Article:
Research

Our research is directed at understanding and controlling the collective dynamics of quantum many-body systems far from equilibrium, which may ultimately pave the way to devise new technologies that rely on the quantum laws of nature. However, addressing them theoretically is a demanding task: For investigations based on microscopic model systems one has to devise strategies to deal with the curse of dimensionality inherent to the quantum many-body problem. Particularly challenging is the development of efficient and versatile computational methods that serve as crucial link between experimental observations and theoretical models. An alternative route is to use a quantum computer for the simulation, which – in turn – means to realize a highly controlled quantum-dynamical process.


Showcase

Quantum phase transition dynamics in the two-dimensional transverse-field Ising model

Based on simulations with tensor networks and neural quantum states we confirmed for the first time numerically the non-equilibrium scaling hypothesis of the Kibble-Zurek mechanism for a microscopic model system in two spatial dimensions. Read more...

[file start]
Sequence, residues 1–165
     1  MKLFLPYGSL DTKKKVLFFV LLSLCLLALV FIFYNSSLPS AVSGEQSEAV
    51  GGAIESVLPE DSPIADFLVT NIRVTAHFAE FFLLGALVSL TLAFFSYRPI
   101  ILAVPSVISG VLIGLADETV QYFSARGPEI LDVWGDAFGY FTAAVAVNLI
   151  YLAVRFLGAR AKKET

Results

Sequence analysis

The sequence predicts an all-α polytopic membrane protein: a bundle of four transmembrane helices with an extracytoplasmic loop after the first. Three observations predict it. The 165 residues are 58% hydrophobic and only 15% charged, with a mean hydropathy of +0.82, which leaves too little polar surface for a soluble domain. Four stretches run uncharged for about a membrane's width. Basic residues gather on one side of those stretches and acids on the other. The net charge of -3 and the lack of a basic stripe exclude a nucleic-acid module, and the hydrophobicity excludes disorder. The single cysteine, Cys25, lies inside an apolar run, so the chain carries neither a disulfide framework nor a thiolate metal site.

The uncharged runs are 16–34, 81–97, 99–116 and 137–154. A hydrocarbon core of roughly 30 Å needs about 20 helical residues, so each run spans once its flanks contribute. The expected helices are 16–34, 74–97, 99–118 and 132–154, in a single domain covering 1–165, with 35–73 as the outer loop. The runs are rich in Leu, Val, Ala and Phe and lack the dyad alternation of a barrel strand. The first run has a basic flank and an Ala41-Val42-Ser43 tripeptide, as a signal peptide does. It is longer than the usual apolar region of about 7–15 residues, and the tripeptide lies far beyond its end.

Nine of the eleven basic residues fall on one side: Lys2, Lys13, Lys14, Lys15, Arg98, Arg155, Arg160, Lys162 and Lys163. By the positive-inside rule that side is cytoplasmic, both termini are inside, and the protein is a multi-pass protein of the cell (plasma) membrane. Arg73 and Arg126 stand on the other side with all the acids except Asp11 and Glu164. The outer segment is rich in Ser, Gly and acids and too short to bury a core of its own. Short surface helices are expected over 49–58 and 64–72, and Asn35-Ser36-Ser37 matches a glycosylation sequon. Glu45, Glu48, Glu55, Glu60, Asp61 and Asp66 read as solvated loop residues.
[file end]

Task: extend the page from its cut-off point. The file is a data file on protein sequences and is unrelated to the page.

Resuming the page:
Time-dependent variational principle for open quantum systems with artificial neural networks

By generalizing the time-dependent variational principle to a purely probabilistic formulation of quantum mechanics we developed a new approach to simulate the time-evolution of open quantum many-body systems using, e.g., autoregressive neural networks. Read more...

Quantum many-body dynamics in two dimensions with artificial neural networks

By developing a number of methodological advancements we demonstrated for the first time that neural quantum states are competitive with state-of-the-art tensor network techniques when simulating complex quantum dynamics in two spatial dimensions. Read more...